These tech giants aren’t few and far between - they’re becoming more common as Latin American entrepreneurs understand the differences in culture, language, and technological abilities and make applications that connect with real Latin Americans. Why download an American gaming app like Candy Crush when you can play Pixowl games that are made in Argentina and localized to your language and culture? Pixowl is just one of many Argentinian startups to watch in 2019 and beyond, a game developer churning out new titles, attracting more than 35 million players around the world in the process. The studio has also secured deals with major Western brands, licensing their IPs to create games for Western audiences. The next King or Epic Games could be homegrown in Latin America, so watch this space.

Market Penetration

One of the primary reasons why venture capitalists are turning their attention to LATAM is because of market penetration in other territories. Smartphone and internet use in the region is fast catching up to that of the United States, but there’s still a way to go, and many avenues that are yet to be touched. Colombian startup Celucambio, for example, offers a marketplace for users to trade in their old phones and receive a credit towards a new one, making devices much cheaper and enabling more people to gain access to the booming mobile market.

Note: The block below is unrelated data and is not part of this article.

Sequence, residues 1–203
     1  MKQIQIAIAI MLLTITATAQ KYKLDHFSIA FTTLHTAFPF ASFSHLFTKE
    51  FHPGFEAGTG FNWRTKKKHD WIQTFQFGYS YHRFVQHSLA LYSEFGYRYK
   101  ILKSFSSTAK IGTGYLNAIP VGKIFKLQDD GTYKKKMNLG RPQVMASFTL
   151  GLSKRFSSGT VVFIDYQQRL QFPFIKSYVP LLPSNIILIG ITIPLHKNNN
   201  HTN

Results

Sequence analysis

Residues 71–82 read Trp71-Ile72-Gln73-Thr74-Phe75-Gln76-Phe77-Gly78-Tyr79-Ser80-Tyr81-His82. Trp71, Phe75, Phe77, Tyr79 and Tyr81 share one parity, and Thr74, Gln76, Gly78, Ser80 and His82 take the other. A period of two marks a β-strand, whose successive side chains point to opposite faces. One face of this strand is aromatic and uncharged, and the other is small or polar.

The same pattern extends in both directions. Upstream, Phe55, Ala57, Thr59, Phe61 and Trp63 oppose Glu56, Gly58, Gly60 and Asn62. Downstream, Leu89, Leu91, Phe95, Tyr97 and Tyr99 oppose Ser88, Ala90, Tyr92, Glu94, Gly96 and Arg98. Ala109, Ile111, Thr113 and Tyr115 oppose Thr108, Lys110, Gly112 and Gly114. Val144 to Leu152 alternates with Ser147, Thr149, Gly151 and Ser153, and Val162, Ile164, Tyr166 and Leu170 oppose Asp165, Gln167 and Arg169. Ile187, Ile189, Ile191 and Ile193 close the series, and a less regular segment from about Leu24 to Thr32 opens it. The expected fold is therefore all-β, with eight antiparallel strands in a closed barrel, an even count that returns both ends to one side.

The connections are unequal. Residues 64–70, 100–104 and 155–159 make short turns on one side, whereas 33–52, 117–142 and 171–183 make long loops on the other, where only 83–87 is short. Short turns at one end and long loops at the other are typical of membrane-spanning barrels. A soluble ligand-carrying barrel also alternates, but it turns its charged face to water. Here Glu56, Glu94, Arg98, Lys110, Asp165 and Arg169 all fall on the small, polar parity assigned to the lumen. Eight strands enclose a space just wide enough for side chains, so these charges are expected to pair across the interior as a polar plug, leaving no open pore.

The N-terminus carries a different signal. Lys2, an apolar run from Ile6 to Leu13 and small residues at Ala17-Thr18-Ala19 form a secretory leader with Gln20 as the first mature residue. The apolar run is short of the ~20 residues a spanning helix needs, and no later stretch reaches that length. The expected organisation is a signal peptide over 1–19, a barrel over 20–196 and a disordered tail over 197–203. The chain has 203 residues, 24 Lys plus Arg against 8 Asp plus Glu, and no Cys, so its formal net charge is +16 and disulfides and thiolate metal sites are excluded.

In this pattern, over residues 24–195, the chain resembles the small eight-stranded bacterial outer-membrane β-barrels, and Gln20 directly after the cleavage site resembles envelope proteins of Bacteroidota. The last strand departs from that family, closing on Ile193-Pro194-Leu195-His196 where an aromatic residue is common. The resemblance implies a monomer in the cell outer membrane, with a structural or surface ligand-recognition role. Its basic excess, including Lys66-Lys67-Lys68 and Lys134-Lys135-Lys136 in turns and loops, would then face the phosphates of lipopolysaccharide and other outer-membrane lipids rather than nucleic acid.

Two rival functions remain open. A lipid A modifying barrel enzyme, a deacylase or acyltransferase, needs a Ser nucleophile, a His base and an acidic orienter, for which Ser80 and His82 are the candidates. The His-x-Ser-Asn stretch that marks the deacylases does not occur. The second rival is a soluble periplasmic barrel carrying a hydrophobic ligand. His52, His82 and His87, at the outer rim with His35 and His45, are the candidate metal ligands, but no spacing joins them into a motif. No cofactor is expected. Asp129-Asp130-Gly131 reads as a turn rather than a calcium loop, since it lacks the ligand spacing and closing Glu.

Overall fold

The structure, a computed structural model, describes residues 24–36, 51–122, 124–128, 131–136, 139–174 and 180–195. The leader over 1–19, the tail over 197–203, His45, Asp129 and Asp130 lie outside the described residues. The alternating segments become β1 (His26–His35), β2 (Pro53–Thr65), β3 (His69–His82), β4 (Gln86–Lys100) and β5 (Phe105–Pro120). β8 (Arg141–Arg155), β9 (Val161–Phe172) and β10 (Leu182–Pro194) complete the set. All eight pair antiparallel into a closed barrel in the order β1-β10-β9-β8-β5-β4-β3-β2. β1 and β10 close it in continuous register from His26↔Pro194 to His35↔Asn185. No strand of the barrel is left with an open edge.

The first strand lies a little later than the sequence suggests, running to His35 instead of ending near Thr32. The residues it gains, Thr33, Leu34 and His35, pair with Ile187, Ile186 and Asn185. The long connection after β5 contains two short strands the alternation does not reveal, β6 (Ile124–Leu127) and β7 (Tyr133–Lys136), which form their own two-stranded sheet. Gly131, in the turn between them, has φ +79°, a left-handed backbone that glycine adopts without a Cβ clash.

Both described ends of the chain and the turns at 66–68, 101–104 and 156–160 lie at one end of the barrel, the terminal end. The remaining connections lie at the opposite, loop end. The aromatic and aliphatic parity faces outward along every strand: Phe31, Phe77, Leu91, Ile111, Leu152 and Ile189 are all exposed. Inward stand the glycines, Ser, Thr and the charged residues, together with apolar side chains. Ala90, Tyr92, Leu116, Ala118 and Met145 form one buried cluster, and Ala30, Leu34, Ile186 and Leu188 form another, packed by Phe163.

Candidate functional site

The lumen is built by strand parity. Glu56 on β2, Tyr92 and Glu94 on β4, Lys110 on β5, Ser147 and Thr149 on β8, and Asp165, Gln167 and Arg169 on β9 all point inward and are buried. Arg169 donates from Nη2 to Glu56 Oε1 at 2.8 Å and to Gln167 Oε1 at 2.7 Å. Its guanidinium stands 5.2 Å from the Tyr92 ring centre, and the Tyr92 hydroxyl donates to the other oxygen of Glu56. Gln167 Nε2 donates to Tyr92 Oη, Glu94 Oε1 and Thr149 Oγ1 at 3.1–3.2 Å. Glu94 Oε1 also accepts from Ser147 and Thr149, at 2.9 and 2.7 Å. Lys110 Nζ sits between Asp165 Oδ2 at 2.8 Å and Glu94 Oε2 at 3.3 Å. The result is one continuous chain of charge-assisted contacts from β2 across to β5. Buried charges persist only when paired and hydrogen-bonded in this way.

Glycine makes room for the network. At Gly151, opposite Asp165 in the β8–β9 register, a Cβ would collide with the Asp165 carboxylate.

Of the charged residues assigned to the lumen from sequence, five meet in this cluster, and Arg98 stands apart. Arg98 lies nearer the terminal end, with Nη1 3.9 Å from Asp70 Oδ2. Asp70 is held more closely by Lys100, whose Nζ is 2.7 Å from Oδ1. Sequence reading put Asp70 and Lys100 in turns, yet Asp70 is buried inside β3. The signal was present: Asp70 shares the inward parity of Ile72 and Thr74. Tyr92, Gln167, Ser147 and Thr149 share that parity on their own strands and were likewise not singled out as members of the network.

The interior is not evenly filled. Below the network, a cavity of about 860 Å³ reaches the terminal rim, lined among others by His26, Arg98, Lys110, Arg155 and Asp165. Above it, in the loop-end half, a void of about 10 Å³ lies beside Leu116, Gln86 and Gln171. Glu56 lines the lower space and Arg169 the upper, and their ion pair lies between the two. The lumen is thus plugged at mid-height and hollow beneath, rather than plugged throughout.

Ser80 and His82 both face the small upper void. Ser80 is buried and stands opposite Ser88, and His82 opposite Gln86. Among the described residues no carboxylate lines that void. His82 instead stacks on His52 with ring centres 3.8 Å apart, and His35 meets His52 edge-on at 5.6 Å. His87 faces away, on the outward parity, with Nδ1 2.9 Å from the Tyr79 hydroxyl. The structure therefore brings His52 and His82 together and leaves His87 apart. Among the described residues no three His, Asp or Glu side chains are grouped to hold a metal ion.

The more people that can access a smartphone and an app store, the more potential clients and customers are available to local and international firms. Amazon  (AMZN), for example, has been working on an aggressive marketing push across Latin America after it faces a tough battle with MercadoLibre  (MELI), the leading e-commerce giant across the region. Indeed, Amazon has announced plans to expand operations in Brazil and hopes to become the one-stop-shop for everything in the market. Amazon still has a long way to go, however, as, according to Portada, 47% of Latin Americans who have spent money online did so on MercadoLibre, compared to just 17% on Amazon. Could this be a case of Amazon biting off more than it can chew, or are Latin Americans loyalists when it comes to homegrown brands, preferring not to support the giants trying to take over the world? Only time will tell whether Amazon’s gamble will pay off.

Untapped Potential